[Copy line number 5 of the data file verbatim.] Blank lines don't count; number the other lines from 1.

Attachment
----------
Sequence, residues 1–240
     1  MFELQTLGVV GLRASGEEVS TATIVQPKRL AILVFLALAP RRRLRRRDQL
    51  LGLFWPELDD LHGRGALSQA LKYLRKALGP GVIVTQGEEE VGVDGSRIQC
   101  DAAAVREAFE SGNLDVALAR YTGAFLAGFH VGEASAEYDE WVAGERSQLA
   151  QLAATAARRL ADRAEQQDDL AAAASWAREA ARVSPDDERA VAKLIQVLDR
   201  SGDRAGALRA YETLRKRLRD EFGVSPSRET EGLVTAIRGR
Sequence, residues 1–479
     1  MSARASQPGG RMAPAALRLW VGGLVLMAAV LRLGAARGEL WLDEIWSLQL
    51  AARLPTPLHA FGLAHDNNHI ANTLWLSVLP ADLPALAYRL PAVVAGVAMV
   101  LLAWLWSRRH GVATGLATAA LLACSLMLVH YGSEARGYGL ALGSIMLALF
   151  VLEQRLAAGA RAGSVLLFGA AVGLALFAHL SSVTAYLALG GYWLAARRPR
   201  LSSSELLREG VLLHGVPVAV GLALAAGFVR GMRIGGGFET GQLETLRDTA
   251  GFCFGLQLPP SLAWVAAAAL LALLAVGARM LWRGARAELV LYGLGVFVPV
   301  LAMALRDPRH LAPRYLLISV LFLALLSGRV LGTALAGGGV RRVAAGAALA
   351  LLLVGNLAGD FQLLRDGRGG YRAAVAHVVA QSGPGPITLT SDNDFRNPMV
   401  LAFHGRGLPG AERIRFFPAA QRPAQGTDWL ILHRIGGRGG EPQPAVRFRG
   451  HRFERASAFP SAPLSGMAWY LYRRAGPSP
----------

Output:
   151  QLAATAARRL ADRAEQQDDL AAAASWAREA ARVSPDDERA VAKLIQVLDR